There were 25 years of ups and downs. Jim thought he might have been able to run his mill a little longer. He didn’t want to deplete the company’s cash. All 90 employees received an excellent severance package plus scholarships for their children after he auctioned the mill.

For lack of logs he had temporarily closed the mill in 2001. He had halved his crew the year earlier for the same reason. Now it was over. As he told a reporter from the Missoulian newspaper, “I don’t have any new tricks up my sleeve.”

Other considerations

When I talked to Jim on the phone the other night he told me the rest of the story about his decision to pack it in 2005. He had been diagnosed with epilepsy and his health was going to hell.

“I was taking five pills a day for epilepsy,” he said. “Had a terrible time focusing on my work. I passed out twice, once at the funeral of a good friend who died way too soon. After we auctioned the mill I worked my way down to one pill a day and now I don’t take any. II haven’t had a seizure in more than fourteen years.”

Jim also withdrew completely from Montana’s timber industry. For years, he had been one its most reliable and most quotable spokesmen. He was fearless in his criticism of both the Forest Service and serial litigators who have driven what’s left of Montana’s sawmilling infrastructure to the brink of extinction.

No going back

“Would you ever get back into it,” I asked.

“My health won’t allow it and neither will Carol,” he said without hesitation. “I haven’t been in a sawmill in 15 years. It’s too painful. I see brush mills around here occasionally. I enjoy BS-ing for fifteen or twenty minutes, but then I have to leave it again.”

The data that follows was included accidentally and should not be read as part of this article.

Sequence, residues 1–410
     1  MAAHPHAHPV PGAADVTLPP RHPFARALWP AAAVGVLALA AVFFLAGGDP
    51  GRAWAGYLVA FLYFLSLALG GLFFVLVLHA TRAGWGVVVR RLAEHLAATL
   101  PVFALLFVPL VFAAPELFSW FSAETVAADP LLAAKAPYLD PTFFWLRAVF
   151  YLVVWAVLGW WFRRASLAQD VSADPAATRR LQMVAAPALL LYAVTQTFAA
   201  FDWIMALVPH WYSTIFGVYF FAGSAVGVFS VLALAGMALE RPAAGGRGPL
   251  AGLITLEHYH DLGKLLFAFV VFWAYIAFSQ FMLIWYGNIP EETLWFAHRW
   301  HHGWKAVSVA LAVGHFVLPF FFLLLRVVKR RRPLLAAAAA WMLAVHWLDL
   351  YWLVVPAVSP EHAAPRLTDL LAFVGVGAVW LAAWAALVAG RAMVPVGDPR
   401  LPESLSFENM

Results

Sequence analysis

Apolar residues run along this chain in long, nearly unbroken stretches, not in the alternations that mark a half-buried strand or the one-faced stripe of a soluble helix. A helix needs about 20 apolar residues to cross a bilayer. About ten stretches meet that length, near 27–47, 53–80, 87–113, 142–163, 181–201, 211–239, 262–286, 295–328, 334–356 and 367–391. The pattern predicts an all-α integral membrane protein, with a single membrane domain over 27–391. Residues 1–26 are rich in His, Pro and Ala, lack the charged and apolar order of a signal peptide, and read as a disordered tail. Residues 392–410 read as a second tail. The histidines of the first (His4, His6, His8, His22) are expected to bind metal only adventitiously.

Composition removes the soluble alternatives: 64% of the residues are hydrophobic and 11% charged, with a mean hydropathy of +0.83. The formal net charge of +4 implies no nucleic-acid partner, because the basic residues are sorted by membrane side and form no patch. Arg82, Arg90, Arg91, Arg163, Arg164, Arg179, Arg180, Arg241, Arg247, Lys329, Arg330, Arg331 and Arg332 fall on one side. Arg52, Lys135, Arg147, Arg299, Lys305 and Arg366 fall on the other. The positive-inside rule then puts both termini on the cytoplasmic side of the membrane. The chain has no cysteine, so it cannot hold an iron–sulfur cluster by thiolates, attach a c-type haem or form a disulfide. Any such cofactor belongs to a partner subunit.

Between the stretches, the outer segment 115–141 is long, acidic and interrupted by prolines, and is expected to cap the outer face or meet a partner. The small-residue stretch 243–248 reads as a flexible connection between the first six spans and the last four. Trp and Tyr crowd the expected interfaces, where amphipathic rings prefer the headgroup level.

“Around here” being Jim’s summer home and Tree Farm near Eureka. He has landscaped some 400 acres so far. Thinning out some trees while allowing the best seed trees to grow larger. He hauls his logs to the Stoltze Lumber Company mill in Columbia Falls on a goose-neck trailer behind a diesel-powered pickup.

“I generally get up between 5:30 and 6:00 o’clock in the morning and start sawing about 10.” This is a typical work day. “At Carol’s insistence, I hired a guy who checks me around noon to make sure I haven’t killed myself. Then I saw again in the afternoon. After deducting all of my costs for equipment, fuel and normal wear and tear, I figure I’m making between $8 and $9 an hour.”

The smell of sawdust, grease, and sweat

Jim doesn’t need the money, so you could logically ask him why he does it. He would tell you there is nothing logical about a lot of things in life, but he loves the smell of sawdust, grease, and sweat “all mixed together.”

“It makes me happy so I’m still at it and I will be as long as I’m in good health. I had an old friend up here who sawed until he was 90. He probably napped every day. But I’m only 73 so I don’t do that yet!”

To escape the bitter cold of northwest Montana winters, Jim and Carol winter in southern California. Mainly they play golf and entertain friends.

“It takes the place of a job,” he says. “But we always fly home for Christmas with kids and grandkids. We’ve been to Hawaii three or four times and we’ve been to Europe. It has a lot of old buildings but after you’ve seen one old building you probably seen them all.”

On his own terms

He was able to track down the headquarters of his father’s 398th Bomb Group. It’s a farm now, save for an American flag and a wind sock fluttering in the breeze.

“The curator found an old picture of Dad and his crew,” he said. “The whole thing gave me goosebumps. We also found the field in Italy where Carol’s dad flew. He was a B-24 pilot.”

“Would you go back to Europe sometime,” I asked.

“I don’t know,” Jim replied. “The flight is brutal. Mainly my life is my own. I still work hard but I do it on my own terms. I don’t pay any attention to what the Forest Service does. With these big wildfires and all the hardship in small towns like Eureka, it’s too frustrating and sickening for me to think about.”

I share Jim’s frustration and heartache and I always will. What is happening in the West’s national forests and its nearby timber communities is morally, ethically and environmentally wrong.

Summary
Article Name
The smell of sawdust, grease, and sweat
Description
In his heyday, Jim Hurst epitomized all that was good and decent and honorable about a vanishing breed of men who owned and operated small sawmills in hundreds of remote western towns.
Author
Publisher Name
Evergreen Magazine